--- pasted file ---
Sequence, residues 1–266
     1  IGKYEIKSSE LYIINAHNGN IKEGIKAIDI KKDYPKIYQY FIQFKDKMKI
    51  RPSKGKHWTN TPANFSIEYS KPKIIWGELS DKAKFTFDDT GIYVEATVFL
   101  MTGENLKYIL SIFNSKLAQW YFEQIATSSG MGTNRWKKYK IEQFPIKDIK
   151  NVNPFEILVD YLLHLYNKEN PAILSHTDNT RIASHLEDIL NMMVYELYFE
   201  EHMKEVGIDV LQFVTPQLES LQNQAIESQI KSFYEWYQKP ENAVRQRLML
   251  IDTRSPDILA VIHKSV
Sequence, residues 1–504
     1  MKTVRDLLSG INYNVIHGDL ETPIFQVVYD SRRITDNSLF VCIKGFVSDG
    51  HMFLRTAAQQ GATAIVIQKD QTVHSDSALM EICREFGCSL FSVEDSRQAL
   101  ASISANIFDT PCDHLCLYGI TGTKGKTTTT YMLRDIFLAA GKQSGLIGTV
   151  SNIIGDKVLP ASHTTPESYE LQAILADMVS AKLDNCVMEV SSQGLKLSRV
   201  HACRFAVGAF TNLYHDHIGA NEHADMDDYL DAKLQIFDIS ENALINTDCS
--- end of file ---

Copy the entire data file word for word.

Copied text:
Sequence, residues 1–266
     1  IGKYEIKSSE LYIINAHNGN IKEGIKAIDI KKDYPKIYQY FIQFKDKMKI
    51  RPSKGKHWTN TPANFSIEYS KPKIIWGELS DKAKFTFDDT GIYVEATVFL
   101  MTGENLKYIL SIFNSKLAQW YFEQIATSSG MGTNRWKKYK IEQFPIKDIK
   151  NVNPFEILVD YLLHLYNKEN PAILSHTDNT RIASHLEDIL NMMVYELYFE
   201  EHMKEVGIDV LQFVTPQLES LQNQAIESQI KSFYEWYQKP ENAVRQRLML
   251  IDTRSPDILA VIHKSV
Sequence, residues 1–504
     1  MKTVRDLLSG INYNVIHGDL ETPIFQVVYD SRRITDNSLF VCIKGFVSDG
    51  HMFLRTAAQQ GATAIVIQKD QTVHSDSALM EICREFGCSL FSVEDSRQAL
   101  ASISANIFDT PCDHLCLYGI TGTKGKTTTT YMLRDIFLAA GKQSGLIGTV
   151  SNIIGDKVLP ASHTTPESYE LQAILADMVS AKLDNCVMEV SSQGLKLSRV
   201  HACRFAVGAF TNLYHDHIGA NEHADMDDYL DAKLQIFDIS ENALINTDCS